Mad about you

Even though I wasn’t raised in a dysfunctional family, which doesn’t help if you’re going to be a professional artist by the way, I’ve learned a lot of social skills from watching sitcoms. Some things I saw in the Cosby Show, Family Ties and Cheers (as everyone did, growing up in the eighties) I’ve used myself, but mostly it’s helped me with understanding about peoples’ behaviour. Sitcoms are great in enlarging situations. The little bizarre things, showing how people get caught up in impossible problems and how they struggle to get out of it. And at the same time they relativate it with a laugh. All the way from I love Lucy and All in the Family to Seinfeld, Friends and beyond. From geenies (I dream of Jeannie) to extraterrestrials (Out of this world, 3rd Rock from the sun), from the very everyday (Curb your enthusiasm) to the animated (the Simpsons). Each and everyone of those shows can teach you a lot about behaviour. You just have to learn to play it all down a little.

Paul Reiser and Helen HuntMy personal favourite series is Mad About You, starring Paul Reiser and Helen Hunt as the couple Paul and Jamie Buchman. I guess the slightly bizarre combination of that show and the album Painted from memory by Elvis Costello and Burt Bacharrach are for a great part responsible for my love of New York. Neither of both were made in New York, but -hey- it’s a feeling. I can’t explain it.

Anyway, I’ve just been up all night since I seem to be developing insomnia and I’ve watched a couple of shows on dvd. Again. Sure, I could have gone through a biography on Jackson Pollock, read an essay about the recent works by Gerhard Richter or the significance of Thomas Hirschorn, but who would have? I decided to have an injection of human behaviour, great storylines and a couple of good laughs. And the acting aint half bad either.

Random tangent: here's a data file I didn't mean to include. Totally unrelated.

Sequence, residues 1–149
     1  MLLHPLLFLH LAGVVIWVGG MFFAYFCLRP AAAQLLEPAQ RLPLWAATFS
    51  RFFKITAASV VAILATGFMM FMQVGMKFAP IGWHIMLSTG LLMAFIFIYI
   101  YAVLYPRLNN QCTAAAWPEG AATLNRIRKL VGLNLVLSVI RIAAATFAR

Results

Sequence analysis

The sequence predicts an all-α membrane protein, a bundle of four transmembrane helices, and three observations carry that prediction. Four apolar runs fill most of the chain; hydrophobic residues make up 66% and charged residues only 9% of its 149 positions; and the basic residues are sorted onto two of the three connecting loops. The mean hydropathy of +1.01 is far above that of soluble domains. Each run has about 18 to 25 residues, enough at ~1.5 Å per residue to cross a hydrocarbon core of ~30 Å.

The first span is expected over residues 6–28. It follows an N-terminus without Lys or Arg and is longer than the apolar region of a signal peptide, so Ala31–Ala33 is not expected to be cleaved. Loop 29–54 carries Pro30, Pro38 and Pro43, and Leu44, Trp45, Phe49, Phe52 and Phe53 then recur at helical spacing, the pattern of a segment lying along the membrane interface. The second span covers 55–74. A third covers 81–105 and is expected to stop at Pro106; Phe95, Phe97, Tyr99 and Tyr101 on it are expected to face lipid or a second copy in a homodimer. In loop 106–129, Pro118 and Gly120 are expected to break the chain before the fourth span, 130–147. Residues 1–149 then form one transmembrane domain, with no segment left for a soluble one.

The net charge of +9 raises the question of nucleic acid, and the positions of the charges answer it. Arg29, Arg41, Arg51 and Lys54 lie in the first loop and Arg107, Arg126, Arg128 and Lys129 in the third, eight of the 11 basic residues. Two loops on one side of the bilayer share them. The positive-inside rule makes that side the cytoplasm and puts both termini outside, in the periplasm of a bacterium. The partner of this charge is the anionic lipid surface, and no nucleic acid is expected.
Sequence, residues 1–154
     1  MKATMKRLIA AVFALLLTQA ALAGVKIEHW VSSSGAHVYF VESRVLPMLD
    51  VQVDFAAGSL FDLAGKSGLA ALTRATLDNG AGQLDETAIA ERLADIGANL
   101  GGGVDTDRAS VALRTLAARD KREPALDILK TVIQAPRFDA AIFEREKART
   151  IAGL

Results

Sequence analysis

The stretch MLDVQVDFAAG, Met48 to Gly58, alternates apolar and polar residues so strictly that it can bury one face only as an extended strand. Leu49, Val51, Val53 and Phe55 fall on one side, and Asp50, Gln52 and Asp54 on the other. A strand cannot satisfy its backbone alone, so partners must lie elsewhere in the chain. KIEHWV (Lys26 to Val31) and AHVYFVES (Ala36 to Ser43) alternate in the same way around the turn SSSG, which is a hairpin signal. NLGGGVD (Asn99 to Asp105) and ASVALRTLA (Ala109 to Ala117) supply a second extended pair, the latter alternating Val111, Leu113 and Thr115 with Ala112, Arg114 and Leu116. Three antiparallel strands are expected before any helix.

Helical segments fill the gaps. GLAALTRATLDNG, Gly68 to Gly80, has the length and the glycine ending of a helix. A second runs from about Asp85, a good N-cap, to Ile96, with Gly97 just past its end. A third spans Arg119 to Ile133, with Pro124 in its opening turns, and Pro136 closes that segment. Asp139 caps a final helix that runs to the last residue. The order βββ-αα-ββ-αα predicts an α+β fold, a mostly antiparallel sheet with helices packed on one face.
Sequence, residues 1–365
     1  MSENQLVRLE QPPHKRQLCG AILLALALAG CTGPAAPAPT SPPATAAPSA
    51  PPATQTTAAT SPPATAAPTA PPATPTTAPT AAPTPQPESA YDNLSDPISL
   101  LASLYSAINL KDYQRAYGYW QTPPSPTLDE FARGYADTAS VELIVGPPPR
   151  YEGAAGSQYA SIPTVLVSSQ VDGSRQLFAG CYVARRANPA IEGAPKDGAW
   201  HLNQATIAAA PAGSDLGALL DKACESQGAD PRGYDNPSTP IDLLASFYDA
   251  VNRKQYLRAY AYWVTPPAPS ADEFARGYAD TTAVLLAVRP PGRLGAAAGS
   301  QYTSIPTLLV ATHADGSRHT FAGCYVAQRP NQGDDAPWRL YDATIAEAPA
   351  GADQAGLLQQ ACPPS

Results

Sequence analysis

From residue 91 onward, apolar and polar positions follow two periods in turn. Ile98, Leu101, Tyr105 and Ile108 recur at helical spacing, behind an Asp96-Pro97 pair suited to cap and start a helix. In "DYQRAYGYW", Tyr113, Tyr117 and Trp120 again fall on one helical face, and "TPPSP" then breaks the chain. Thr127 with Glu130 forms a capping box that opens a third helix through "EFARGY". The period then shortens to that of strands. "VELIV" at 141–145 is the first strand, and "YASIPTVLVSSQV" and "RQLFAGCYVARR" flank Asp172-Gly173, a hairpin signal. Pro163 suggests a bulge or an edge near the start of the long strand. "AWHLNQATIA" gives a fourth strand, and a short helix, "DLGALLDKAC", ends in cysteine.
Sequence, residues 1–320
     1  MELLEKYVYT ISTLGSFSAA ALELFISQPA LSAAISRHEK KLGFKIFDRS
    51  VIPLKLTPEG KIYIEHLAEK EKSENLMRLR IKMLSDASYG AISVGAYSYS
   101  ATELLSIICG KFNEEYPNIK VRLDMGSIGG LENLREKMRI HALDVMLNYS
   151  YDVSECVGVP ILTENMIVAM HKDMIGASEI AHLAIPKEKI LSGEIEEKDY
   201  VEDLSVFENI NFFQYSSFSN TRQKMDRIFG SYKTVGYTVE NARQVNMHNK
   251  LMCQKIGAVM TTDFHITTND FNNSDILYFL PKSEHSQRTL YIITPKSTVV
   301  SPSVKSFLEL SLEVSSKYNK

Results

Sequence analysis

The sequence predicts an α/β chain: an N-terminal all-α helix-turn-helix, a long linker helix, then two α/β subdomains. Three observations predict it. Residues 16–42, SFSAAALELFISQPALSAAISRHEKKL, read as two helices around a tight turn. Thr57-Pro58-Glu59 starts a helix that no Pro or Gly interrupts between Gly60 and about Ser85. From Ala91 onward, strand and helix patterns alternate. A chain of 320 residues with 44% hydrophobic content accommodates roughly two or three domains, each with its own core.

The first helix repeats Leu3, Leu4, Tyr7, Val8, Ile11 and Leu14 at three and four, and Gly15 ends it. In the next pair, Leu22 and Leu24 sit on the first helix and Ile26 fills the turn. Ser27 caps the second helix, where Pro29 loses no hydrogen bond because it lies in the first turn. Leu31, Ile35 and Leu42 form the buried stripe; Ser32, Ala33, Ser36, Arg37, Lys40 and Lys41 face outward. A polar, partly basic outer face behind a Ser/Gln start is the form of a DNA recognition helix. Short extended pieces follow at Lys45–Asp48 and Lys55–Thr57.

Where Seinfeld is typically described as ‘a show where nothing happens’, Mad About You would be a show where things go on that you could actually imagine happen to you. Perhaps not much, and not too exciting… but amazingly funny, if you know how to look at it.

Now, is there some unexpected intellectual point to me outing myself as a Mad About You fanatic? No, of course not. I’ve had some very tiring discussions about high culture versus low culture with different sorts of people. Most strenuous were those with people who informed me that they felt that there is no difference between the two. Which always turned out to be ‘bs’. Most artists are not very open and/or liberal at all. They’re actually quite conservative and arrogant. To get back to the point: personally I wouldn’t classify Mad About You as ‘high culture’ and yes: I do make a distinction between the two. But I can’t always stomach so called ‘high culture’. Sometimes I have no use for creativity that ‘challenges my outlook on existence’ or ‘my interaction with space’. But I always enjoy watching human behaviour. Especially in condensed form. I just have more use for it. Which, perhaps, makes Mad About You (again: low culture) more important than the pharmaceuticals series by Damien Hirst (high… I guess) or the light-tubes of Donald Judd. Sitcoms have earned their place in cultural history. Low culture rules man.


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